Activists have filed a new proposed ballot initiative to legalize marijuana sales in Washington, D.C., reports Marijuana Moment.
The measure would end prosecutions of cannabis cultivation, sales and consumption. It would also prevent marijuana from being the basis of police searches and provide for expungements of prior cannabis convictions.
District voters approved a measure to legalize low-level marijuana possession and home cultivation in 2014, but the city has been prevented from implementing a retail model due to a congressional rider barring it from using local tax dollars for such purposes. The new proposal could run into the same problem, but activists say they plan to push ahead nonetheless.
Dawn Lee-Carty, executive director of the campaign behind the initiative, told Marijuana Moment in a phone interview that the currently unregulated cannabis system that’s in place has failed to address the problem of racially disproportionate enforcement, with arrests still occurring and putting people at risk of contracting the coronavirus.
Lee-Carty said that, ideally, the measure would appear on the November ballot this year.
“This initiative legalizes the possession, to the extent possible by current law the use, sale, and purchase of cannabis and CBD products for any person over the age of 21 or older,” text of the measure states. “Where not possible the initiative will make police enforcement and prosecution the lowest priority. Reverting to law automatically the soonest date possible in the future.”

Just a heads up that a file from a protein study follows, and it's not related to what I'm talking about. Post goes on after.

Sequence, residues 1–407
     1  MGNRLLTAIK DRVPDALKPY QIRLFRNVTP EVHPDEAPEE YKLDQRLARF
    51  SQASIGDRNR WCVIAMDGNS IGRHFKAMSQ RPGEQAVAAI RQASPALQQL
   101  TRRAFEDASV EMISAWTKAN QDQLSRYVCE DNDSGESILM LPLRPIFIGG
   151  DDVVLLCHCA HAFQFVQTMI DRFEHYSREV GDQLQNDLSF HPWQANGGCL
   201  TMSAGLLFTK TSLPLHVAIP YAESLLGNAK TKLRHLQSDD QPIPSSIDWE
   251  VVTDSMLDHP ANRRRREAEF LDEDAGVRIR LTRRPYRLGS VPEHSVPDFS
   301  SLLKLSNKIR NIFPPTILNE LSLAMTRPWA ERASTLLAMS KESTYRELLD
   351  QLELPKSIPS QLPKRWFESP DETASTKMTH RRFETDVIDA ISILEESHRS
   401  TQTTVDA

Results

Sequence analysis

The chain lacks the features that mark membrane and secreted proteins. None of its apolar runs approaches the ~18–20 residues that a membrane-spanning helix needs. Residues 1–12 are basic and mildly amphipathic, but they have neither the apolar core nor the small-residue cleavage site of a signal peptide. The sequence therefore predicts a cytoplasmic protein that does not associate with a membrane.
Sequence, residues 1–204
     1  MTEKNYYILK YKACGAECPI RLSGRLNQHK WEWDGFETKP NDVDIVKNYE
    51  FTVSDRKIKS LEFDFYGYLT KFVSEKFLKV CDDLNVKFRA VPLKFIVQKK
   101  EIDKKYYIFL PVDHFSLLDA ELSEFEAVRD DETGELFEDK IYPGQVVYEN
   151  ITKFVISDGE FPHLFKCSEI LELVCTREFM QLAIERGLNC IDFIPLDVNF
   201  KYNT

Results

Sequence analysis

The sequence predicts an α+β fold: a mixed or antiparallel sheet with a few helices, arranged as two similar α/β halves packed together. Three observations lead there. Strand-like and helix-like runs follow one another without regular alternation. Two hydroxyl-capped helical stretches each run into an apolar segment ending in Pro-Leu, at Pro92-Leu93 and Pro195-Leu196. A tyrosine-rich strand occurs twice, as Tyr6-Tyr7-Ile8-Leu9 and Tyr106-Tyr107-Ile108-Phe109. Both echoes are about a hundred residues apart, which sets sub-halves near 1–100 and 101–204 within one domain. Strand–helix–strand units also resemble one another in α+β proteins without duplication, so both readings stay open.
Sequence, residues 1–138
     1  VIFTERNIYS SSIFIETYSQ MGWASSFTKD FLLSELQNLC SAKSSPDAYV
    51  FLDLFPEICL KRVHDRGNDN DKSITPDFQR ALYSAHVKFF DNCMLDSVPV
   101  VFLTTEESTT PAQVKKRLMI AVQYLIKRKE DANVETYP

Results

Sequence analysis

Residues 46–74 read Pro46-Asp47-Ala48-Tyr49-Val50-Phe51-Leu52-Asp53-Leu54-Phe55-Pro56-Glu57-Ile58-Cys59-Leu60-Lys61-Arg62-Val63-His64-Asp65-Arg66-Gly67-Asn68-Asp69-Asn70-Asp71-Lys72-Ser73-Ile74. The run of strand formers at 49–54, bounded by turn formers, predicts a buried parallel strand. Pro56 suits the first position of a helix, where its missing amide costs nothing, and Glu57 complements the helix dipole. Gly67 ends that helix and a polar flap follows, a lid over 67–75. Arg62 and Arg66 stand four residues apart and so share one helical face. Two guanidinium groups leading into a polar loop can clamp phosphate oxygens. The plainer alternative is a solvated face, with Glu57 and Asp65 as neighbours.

The proposal also contains several noteworthy provisions such as requiring that, in order to obtain a marijuana business license, individuals must have resided in D.C. for at least two years. Those on parole would also be eligible, the measure states.
To qualify for the ballot, activists would have to collect 24,835 valid signatures from registered voters—just as a separate campaign to decriminalize a wide range of psychedelics successfully did.
Read the full story at Marijuana Moment.